Greek archaeologists find remains of embracing couple in Neolithic tomb

The remains of a man and woman locked in an embrace, which were found at an archaeological site near the Diros Caves in the Peloponnese, constitute a “stunning discovery” dating to around 3,800 BC, the head of the dig has told Kathimerini.

“It is possibly the oldest grave to have ever been found,” according to Giorgos Papathanassopoulos, who has led excavation work at the Diros site since the 1970s. “It is the most stunning discovery,” he added, noting that the fact the couple were buried together indicated the importance given to the institution of family after death in ancient times.

The remains, which were unearthed last year and in 2013, were analyzed using radiocarbon dating. The results of the analysis, which were made public last week, showed that the bones belonged to a man and a woman, both aged between 20 and 25.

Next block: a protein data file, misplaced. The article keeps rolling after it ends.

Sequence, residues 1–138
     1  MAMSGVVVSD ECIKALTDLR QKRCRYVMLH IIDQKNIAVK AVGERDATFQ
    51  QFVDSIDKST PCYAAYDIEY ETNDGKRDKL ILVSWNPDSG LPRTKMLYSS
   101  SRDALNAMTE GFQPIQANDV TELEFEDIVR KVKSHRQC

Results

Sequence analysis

Archaeologists were also studying the remains of another couple whose remains were found in an adjacent grave to the one containing the embracing pair. The second couple are believed to be older and were found buried in a more “conventional” fashion, Papathanassopoulos said.

The fact that an ossuary and several ceramic urns, beads and other offerings were found in the grave points to “an organized society,” he said.